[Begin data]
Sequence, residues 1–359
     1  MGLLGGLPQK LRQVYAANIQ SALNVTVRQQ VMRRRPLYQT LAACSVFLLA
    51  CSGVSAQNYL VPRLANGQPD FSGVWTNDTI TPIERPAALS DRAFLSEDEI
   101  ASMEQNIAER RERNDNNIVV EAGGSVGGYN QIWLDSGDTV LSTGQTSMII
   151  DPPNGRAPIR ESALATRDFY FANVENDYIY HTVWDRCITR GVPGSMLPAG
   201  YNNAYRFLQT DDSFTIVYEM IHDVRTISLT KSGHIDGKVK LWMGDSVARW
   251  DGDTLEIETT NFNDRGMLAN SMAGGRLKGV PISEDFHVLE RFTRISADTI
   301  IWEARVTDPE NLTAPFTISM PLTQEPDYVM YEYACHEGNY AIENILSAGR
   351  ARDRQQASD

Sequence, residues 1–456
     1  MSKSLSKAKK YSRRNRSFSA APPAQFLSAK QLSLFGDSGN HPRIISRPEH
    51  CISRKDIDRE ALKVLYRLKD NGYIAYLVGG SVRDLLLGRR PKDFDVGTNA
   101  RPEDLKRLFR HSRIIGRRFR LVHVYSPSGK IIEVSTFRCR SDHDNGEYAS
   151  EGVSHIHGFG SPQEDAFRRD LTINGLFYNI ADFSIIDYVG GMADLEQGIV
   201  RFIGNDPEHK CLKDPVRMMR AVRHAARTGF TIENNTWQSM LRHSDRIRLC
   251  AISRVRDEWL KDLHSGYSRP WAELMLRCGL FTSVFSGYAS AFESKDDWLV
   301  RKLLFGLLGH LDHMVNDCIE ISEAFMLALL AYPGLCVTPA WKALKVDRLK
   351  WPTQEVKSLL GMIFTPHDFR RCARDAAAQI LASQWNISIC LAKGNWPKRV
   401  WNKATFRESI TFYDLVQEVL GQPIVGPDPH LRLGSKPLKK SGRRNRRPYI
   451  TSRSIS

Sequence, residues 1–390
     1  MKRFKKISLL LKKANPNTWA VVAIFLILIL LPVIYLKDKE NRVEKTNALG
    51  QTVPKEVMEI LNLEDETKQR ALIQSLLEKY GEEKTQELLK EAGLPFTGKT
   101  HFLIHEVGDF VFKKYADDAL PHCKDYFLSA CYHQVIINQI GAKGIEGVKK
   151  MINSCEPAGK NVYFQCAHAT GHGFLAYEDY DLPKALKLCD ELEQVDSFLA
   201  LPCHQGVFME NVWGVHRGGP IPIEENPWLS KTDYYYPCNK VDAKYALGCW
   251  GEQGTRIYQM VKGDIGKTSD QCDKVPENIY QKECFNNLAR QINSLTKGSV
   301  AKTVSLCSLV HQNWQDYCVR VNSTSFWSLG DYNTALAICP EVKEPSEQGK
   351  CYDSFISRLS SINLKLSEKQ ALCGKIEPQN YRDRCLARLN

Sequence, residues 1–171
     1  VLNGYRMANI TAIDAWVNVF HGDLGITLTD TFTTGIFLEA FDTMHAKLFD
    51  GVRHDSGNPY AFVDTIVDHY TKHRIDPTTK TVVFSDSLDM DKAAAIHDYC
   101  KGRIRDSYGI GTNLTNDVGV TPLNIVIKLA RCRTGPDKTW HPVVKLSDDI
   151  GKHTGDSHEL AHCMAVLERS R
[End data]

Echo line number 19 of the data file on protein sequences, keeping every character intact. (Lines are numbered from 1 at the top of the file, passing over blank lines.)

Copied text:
   401  WNKATFRESI TFYDLVQEVL GQPIVGPDPH LRLGSKPLKK SGRRNRRPYI